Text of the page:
History With Sugar On The Side

I would have taken great offence if I had been informed, when I was in school, that the history I was being taught then was sugar-coated to the extent of killing a diabetic patient. While skipping irrelevant details is acceptable and, in certain cases, required, altering history to the point of causing delusion is both disgusting and shameful.

As an example, we all know the tragedy of Jalianwala Bagh by heart, and have grown up to hate Dyer. However, most high-school history books will leave out the details of the Siege Of Cawnpore and more importantly, the heinous Bibighar Massacre. Few high-school history books mention that the street in Amritsar where Indians were supposed to crawl on their bellies was the same one where some Indians had, earlier, beaten an European lady to death after pulling her off her cycle. And she was not the only European beaten to death. What Dyer did was immoral, cowardly and wrong – Churchill would try his level best to ensure that Dyer was punished some time later. However, he was born and raised in India and had seen the mutiny of 1857; it is not very difficult to understand why he assumed the Indian mob which had already killed a few Europeans would soon exponentiate to another mass-murder of his own countrymen.

No one talks about Gandhi’s racist views in South Africa. No one talks about how Gandhi never wanted to erase the race line, but simply wanted “British Indians” to be moved its other side – the side with the educated English as opposed to the one with the “native blacks”. No one talks about how, in South Africa, Satyagraha failed, movement after movement. Indian biographers, it seems, have a habit of omitting things that shed a dark light on our beloved Bapu. What they don’t understand is that these real details only make the father of our nation easier to follow, they only help us appreciate how everything is not black and white and teach us that no mistake is incorrigible.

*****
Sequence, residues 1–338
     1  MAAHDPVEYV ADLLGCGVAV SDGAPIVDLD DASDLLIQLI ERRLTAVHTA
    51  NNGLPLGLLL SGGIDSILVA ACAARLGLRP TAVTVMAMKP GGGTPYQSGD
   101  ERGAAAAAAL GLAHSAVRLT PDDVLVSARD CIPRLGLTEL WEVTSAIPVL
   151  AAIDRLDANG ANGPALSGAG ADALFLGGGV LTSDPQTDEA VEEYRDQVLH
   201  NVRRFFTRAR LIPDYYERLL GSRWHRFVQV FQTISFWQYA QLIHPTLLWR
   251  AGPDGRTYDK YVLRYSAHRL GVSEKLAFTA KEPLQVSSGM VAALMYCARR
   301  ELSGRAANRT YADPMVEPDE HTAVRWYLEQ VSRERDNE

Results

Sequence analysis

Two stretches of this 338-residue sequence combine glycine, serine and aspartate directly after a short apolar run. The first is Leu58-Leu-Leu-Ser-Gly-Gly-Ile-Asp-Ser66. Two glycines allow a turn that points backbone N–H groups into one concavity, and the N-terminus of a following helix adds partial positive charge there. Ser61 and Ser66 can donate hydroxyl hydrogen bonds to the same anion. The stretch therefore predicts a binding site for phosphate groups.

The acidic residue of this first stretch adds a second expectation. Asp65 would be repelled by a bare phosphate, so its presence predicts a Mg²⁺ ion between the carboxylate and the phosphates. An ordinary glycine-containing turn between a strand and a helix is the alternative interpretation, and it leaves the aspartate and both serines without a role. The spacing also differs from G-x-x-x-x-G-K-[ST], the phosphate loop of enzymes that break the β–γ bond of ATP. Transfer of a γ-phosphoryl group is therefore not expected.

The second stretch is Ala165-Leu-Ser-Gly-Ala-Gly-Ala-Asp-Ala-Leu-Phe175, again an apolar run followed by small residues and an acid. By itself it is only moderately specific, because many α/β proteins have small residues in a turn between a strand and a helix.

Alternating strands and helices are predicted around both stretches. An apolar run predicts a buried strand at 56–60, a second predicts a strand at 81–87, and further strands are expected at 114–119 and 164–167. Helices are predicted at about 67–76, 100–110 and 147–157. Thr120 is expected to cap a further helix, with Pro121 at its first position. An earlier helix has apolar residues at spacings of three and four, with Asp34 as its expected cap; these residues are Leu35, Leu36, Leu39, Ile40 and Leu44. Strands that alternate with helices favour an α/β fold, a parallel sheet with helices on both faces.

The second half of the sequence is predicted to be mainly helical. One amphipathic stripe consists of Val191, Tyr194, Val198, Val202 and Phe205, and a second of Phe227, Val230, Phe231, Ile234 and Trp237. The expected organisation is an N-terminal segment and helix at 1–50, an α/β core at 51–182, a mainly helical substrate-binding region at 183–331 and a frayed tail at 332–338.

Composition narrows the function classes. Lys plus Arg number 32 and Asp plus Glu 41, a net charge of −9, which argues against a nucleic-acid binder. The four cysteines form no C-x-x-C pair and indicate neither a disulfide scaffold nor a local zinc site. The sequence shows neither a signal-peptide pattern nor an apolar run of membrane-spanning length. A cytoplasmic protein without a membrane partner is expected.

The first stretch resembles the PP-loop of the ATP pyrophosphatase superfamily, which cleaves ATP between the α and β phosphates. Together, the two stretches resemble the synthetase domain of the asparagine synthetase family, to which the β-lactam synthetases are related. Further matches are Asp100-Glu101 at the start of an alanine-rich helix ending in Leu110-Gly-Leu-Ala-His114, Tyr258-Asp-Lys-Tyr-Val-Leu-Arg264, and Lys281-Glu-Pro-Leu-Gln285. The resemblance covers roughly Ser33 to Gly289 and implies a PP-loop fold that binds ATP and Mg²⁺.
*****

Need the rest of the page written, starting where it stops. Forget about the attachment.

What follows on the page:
Perhaps this is why we’re so backward. Perhaps this is why India fails to make progress. We are a blind, deluded, superstitious lot who fail to see what is apparent and believe only what is convenient. Maybe this will change someday, a day I will hopefully live to see.

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2 Responses to History With Sugar On The Side

  1. Pingback: GitHub Hits One Million Hosted Projects | International News - Stay up to date with the latest World News, Finance & Business, Green News, Technology and Sports

  2. Sanveer Singh says:

    “No one talks about Gandhi’s racist views…We are a blind, deluded, superstitious lot who fail to see what is apparent and believe only what is convenient…”

    This reminded me of Rowan Atkinson’s speech (http://www.timesonline.co.uk/tol/news/uk/article580686.ece), where he talked about the right to offend being more important than the right not to be offended even when the beliefs are sincerely held.

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